England's hopes of fighting their way back into the Ashes series suffered another setback on the opening day in Perth after another Australian rally with the bat.
Yet again, England had the hosts rocking after reducing them to 143-5 after lunch but, as has been the pattern in this series, Alastair Cook's men couldn't complete the job.
In the searing heat, the pacemen were guilty of bowling too short as the day went on and they were punished.
A superb century from Steve Smith (103 not out) plus able support from Brad Haddin (55) and Mitchell Johnson (39no) saw the Aussies finish the day on 326-6 and in strong position to kick on towards a healthy first-innings total.
We take a look back on events on day one in Perth with a range of opinion, analysis and video.
Smith's turn to shine
The Australian No.5 had missed out in the first two games of the series, making 31 & 0 in Brisbane and 6 & 23 not out in Adelaide. But here the 24-year-old all-rounder showed his value to the side with an excellent and deserved century to pull Australia out of trouble and put them firmly on top. Smith is an excellent puller and hooker and put the bad balls away with aplomb. He also dealt well with the spin of Graeme Swann as his second Test century (both now against England) came off 173 balls and featured 14 fours and two sixes. The pattern in this series has been for one Aussie top-order to shine while the tail wags with them. That played out again today, with Smith the man to shine. "I was probably under a little bit of pressure so it was nice to get some runs," he admitted.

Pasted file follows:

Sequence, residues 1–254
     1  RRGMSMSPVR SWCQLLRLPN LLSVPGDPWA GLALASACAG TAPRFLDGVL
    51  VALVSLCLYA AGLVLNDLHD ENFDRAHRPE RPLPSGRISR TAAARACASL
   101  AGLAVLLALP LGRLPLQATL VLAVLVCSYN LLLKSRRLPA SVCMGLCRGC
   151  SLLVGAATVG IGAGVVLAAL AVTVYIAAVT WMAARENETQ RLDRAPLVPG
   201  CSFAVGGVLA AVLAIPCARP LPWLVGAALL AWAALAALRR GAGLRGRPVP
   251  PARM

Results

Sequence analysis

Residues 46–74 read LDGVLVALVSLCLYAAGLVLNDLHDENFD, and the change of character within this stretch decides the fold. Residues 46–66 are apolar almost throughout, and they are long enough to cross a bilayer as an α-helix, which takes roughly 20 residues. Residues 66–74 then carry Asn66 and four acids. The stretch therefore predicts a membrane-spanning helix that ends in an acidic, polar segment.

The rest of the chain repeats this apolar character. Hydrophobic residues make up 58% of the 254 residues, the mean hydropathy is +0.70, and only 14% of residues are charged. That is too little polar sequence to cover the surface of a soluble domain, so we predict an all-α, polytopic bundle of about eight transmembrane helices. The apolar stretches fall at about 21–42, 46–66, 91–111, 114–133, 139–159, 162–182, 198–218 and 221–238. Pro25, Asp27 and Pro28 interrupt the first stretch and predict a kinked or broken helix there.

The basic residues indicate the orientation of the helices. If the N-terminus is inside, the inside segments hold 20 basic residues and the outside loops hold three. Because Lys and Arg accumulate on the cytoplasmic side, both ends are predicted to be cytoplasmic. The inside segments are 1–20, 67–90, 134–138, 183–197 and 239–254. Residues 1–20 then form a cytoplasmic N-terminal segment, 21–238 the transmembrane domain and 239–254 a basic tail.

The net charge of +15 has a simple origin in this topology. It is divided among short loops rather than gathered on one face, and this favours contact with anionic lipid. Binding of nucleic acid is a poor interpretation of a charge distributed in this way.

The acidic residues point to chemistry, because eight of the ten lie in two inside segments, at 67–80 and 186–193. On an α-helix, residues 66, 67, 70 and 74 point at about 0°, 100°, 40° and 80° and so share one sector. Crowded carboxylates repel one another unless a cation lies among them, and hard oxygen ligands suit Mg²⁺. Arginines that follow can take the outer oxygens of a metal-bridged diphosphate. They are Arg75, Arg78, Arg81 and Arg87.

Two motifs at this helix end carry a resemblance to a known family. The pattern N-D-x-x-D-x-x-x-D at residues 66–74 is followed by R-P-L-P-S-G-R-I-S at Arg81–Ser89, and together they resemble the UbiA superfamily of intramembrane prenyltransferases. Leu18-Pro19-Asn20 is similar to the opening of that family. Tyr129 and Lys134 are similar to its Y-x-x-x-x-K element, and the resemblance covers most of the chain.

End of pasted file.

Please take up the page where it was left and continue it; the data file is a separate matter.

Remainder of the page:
Saker admits bowling errors
England bowling coach David Saker was critical of the England attack after another difficult day in the field. "We pride ourselves on being able to restrict teams from scoring, we put pressure on teams very well, and we found it hard today," said Saker on Sky Sports. "At 143-5 we had a chance there but we let it slip and we weren't as good as we have been. We didn't bowl the areas we would have liked but we had a chance to put some really good pressure on and we didn't take that. To be fair we probably bowled a little too short. We probably got a bit excited but that's not good enough." He also suggested that England may have picked the wrong attack. "We could have made a mistake this game but I'm sure if our bowlers bowled to their capabilities we wouldn't have got it wrong."
Haddin a thorn in the side again
It's fair to say that England are fast becoming sick of the sight of Brad Haddin. Just when they think they're in prime position to bowl out the hosts cheaply, the dogged Aussie wicketkeeper comes in and helps take the game away from them again. Haddin has already registered scores of 94, 53, and 118 in his three innings so far in the series and he passed fifty for the fourth time in a row with another gutsy knock of 55. His sixth wicket stand of 124 with Steve Smith was a real momentum changer and his batting is becoming one of the main reasons why Australia find themselves in such a strong position.
Nasser: England lack 'X' factor
England missed a chance to seize control of the third Test by bowling too short just when Australia were wobbling, says Nasser Hussain. "The key for me is what has happened to the three big lads - Steve Finn, Boyd Rankin and Chris Tremlett who were picked for this tour? These are perfect conditions for them to bowl in, on one of the bounciest pitches in world cricket and the difference between the sides is that when Australia have England 140-6, Mitchell Johnson is blowing them away with short, quick stuff. England haven't got that X-factor."